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The Human Touch

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I had received a letter from St. Paul folks who bear the name I do. Did I, they asked, know anything of the whereabouts of a newspaperman of that town of whom nothing had been heard for years? His name was Salpeter. Was I not, by chance, the very person for whom they were seeking?

Never having been in St. Paul, never having met a newspaperman by the name of Salpeter who hails from that town, it is unfortunately beyond my power to set at rest the minds of harassed people. But I have been asking among the people I know for the person answering the description of the newspaperman who left St. Paul, and the moment I receive a clue as to his whereabouts, possibly through one of the readers of this column—I hope there are a few readers—I shall communicate the clue to St. Paul. Readers in the South, to which part of the country the sought-for Salpeter travelled upon leaving Minnesota, are particularly requested to send along any information they may have.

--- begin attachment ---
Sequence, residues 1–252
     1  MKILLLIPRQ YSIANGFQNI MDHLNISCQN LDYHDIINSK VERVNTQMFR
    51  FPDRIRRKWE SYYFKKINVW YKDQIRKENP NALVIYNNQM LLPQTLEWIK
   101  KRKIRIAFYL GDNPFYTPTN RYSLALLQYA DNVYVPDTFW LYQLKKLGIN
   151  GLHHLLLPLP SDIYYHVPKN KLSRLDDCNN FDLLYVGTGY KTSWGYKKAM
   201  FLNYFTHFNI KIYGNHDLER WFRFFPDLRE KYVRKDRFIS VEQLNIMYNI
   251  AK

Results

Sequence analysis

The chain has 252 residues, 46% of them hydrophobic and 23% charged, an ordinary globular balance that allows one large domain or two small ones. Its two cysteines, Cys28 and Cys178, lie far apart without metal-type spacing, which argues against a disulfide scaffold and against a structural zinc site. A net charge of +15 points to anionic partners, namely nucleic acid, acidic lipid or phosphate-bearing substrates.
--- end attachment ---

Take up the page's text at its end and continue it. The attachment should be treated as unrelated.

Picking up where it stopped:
I happened to mention the nature of this appeal to a dinner companion the other night, a grey and grizzled man who has lived an incredibly varied and chequered life. He has been everywhere, or almost everywhere. He is a linguist and translator, perhaps a rebel, but not a renegade. He is one of those people who has lived so strange a life that ten minutes after he has begun telling you some casual anecdotes, you wonder why in thunder he hasn’t written his autobiography—and had it published, too. And when he has told you these amazing anecdotes, a mutual companion will tell you: “Wait, you haven’t heard anything yet!” Which, of course primes you for a second meeting.

It was in 1910. He had been working in the International Institute of Agriculture, as editor and translator. There were at that time, he tells me, three Jews in the Cabinet of the Italian Government. So the presence of Guido Jung in the cabinet of Mussolini should surprise no one. It was at that time. I believe, that a Jew was Mayor of Rome. One of the Jewish Cabinet Ministers was Luigi Luzzatti, Minister of the Interior. One evening, Luzzatti called up the source of this story and asked him to come over to his dwelling, which was on the fifth floor of an apartment house, and no flunkey at the door to answer the bell either.

The Minister explained the problem which he desired solved. He had received a letter in a language which was unknown to him and to the official translators at the office of the Ministry. It wasn’t Arabic, or any other Asiatic language, it wasn’t Russian, it wasn’t any form of Latin or Greek. My informant looked at it and found that it was in Yiddish script, sufficiently different from Hebrew to have set an official translator off the track.